Metastasis from other sites [1],[2] and multiple myeloma are the most likely diagnosed bone lesions in patients older than 40. [21] We had only one case of plasmacytoma. This may be due to its clinical diagnosis by internists and oncologists without biopsy taking. Metastatic carcinoma and soft tissue tumors were the most prevalent diagnosed bone tumors in older patients. Osteochondroma (10; 11.6%) and osteosarcoma (9; 10.5%) were the common primary benign and malignant bone tumors, respectively. Interestingly, bone fibrous tumors were very rare in our study.

There are reasons to explain late diagnosis with poor prognosis of musculoskeletal tumors. Besides the rarity of musculoskeletal tumors and unfamiliarity of general medical staff, they present with nonspecific clinical symptoms. Swelling and pain are seen in other musculoskeletal diseases which are more common than tumors. Epidemiologic studies help in rapid diagnosis and management. Overall, there is not any significant difference between our study and others in literature.

 
  References Top

1.Coleman RE. Clinical features of metastatic bone disease and risk of skeletal morbidity. Clin Cancer Res 2006;12:6243s-9s.  Back to cited text no. 1
[PUBMED]  [FULLTEXT]  
2.Lewis VO. What's new in musculoskeletal oncology. J Bone Joint Surg Am 2007;89:1399-407.  Back to cited text no. 2
[PUBMED]  [FULLTEXT]  
3.Fletcher CD, Unni KK, Mertens F, editors. Pathology and genetics of tumours of soft tissue and bone. Vol. 5 of World Health Organization classification of tumours. Lyon, France: IARC Press, 2002.  Back to cited text no. 3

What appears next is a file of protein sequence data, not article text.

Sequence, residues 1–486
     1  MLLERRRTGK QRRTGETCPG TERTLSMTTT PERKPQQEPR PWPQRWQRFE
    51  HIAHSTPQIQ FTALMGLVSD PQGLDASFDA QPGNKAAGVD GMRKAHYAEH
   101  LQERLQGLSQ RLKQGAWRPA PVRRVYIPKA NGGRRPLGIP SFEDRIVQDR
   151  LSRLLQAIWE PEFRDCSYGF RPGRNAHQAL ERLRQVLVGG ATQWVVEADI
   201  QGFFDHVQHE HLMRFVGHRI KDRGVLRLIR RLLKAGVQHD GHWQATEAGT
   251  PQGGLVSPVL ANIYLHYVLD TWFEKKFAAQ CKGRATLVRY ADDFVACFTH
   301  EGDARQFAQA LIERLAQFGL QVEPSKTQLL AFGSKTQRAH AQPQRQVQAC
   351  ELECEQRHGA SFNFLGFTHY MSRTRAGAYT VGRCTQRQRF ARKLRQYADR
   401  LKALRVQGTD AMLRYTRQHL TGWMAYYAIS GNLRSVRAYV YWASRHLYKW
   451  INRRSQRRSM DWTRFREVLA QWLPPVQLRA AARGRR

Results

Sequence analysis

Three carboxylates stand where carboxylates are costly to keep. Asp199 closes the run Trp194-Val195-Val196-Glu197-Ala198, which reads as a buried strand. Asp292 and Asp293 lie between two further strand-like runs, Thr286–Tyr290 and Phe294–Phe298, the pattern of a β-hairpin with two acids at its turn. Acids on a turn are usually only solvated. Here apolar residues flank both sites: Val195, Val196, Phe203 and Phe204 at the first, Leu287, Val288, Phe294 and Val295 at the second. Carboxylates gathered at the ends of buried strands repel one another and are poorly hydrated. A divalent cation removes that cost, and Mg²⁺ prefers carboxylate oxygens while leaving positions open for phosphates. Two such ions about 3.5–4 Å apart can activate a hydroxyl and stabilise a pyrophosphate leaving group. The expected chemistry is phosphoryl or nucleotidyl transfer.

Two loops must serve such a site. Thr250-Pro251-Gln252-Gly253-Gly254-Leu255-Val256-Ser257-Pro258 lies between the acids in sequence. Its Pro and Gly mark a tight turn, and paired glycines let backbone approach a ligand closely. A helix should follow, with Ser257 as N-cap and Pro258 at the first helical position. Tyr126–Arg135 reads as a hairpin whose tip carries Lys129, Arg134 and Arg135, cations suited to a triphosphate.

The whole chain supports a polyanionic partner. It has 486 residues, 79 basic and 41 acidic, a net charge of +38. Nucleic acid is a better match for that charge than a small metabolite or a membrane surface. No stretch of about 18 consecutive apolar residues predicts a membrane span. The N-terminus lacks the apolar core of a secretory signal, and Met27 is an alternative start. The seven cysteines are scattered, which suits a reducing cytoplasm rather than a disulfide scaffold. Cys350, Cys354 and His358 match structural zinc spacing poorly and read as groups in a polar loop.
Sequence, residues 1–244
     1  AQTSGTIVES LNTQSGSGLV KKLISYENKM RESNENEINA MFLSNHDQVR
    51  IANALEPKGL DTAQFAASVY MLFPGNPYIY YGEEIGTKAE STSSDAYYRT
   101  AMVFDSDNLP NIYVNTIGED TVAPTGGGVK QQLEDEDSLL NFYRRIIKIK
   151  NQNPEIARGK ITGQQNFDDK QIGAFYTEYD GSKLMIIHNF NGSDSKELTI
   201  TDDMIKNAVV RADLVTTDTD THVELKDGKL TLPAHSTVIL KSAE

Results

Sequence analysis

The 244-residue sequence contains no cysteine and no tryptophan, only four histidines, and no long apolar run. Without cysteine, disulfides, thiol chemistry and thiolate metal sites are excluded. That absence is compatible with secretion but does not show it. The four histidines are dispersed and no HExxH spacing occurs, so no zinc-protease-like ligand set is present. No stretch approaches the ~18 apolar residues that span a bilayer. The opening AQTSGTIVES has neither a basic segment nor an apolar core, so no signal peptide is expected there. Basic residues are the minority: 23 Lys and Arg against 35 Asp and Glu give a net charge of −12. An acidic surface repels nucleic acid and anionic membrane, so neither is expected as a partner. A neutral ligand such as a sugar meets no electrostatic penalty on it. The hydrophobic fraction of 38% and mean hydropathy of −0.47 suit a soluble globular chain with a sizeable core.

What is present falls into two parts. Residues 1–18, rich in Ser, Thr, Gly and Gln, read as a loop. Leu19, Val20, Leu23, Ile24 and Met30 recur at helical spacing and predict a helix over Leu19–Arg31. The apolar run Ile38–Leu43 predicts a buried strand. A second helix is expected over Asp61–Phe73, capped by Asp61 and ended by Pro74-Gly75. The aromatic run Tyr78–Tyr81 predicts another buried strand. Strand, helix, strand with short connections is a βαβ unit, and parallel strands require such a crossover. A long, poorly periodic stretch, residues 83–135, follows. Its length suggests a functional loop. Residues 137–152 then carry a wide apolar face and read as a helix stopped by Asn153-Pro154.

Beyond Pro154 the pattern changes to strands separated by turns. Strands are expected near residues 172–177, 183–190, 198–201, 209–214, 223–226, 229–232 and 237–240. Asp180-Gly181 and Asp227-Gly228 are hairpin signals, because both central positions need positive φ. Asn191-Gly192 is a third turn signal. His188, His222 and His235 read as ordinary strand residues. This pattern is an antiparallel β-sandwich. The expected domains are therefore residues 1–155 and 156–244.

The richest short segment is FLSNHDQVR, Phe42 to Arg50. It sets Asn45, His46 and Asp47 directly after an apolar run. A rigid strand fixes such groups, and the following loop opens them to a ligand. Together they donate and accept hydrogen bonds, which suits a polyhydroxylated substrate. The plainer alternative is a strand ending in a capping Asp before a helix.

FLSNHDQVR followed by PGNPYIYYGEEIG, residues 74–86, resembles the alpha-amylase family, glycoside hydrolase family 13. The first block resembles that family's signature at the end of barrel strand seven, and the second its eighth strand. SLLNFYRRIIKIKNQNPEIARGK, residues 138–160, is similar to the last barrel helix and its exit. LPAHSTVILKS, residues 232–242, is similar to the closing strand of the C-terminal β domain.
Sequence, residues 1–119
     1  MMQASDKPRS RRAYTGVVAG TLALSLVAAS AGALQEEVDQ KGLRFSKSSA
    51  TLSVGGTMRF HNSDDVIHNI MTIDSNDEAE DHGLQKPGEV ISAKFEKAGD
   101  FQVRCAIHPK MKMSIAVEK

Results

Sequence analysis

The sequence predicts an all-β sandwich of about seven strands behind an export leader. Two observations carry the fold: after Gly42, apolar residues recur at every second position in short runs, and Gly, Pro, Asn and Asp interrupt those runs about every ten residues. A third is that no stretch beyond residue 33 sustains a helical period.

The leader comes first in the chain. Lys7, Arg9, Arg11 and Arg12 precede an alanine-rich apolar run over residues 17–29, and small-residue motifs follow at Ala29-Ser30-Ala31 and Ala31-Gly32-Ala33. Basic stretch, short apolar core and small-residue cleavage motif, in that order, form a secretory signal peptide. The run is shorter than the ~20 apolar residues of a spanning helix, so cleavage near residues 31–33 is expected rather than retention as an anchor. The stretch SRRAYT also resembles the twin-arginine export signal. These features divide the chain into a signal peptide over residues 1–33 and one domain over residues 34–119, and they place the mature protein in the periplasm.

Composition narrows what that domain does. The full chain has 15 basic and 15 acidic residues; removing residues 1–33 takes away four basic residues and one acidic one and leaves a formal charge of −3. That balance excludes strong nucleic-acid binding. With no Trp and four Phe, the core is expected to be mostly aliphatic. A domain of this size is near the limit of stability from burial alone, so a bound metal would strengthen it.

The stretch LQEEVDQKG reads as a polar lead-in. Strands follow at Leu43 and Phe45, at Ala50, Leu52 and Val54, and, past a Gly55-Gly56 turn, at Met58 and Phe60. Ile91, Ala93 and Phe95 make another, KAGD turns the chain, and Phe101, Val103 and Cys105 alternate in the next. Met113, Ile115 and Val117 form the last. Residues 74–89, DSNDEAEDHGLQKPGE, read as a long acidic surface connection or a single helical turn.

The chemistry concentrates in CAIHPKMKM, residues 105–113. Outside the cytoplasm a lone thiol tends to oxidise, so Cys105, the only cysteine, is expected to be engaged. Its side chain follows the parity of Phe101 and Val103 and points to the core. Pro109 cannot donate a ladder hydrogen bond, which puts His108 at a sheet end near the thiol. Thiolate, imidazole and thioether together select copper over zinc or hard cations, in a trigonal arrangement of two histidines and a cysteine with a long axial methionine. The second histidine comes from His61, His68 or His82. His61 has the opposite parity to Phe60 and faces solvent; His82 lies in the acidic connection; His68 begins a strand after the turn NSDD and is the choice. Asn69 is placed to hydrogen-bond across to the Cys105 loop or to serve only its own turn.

4.Stiller CA, Bielack SS, Jundt G, Steliarova-Foucher E. Bone tumours in European children and adolescents, 1978-1997. Report from the Automated Childhood Cancer Information System project. Eur J Cancer 2006;42:2124-35.  Back to cited text no. 4
[PUBMED]  [FULLTEXT]  
5.Bramer JA, Somford MP. The epidemiology of primary skeletal malignancy. Orthop Trauma 2010;24:247-51.  Back to cited text no. 5
    
6.Parkin DM, Stiller CA, Nectoux J. International variations in the incidence of childhood bone tumours. Int J Cancer 1993;53:371-6.  Back to cited text no. 6
[PUBMED]    
7.Eyre R, Feltbower RG, Mubwandarikwa E, Eden TO, McNally RJ. Epidemiology of bone tumours in children and young adults. Pediatr Blood Cancer 2009;53:941-52.  Back to cited text no. 7
[PUBMED]  [FULLTEXT]  
8.Shah SH, Muzaffar S, Soomro IN, Pervez S, Hasan SH. Clinico-morphological pattern and frequency of bone cancer. J Pak Med Assoc 1999;49:110-2.  Back to cited text no. 8
[PUBMED]    
9.Omololu AB, Ogunbiyi JO, Ogunlade SO, Alonge TO, Adebisi A, Akang EE. Primary malignant bone tumour in a tropical African University teaching hospital. West Afr J Med 2002;21:291-3.  Back to cited text no. 9
[PUBMED]    
10.Rao VS, Pai MR, Rao RC, Adhikary MM. Incidence of primary bone tumours and tumour like lesions in and around Dakshina Kannada district of Karnataka. J Indian Med Assoc 1996;94:103-4.  Back to cited text no. 10
[PUBMED]    
11.Yeole BB, Jussawalla DJ. Descriptive epidemiology of bone cancer in greater Bombay. Indian J Cancer 1998;35:101-6.  Back to cited text no. 11
[PUBMED]  Medknow Journal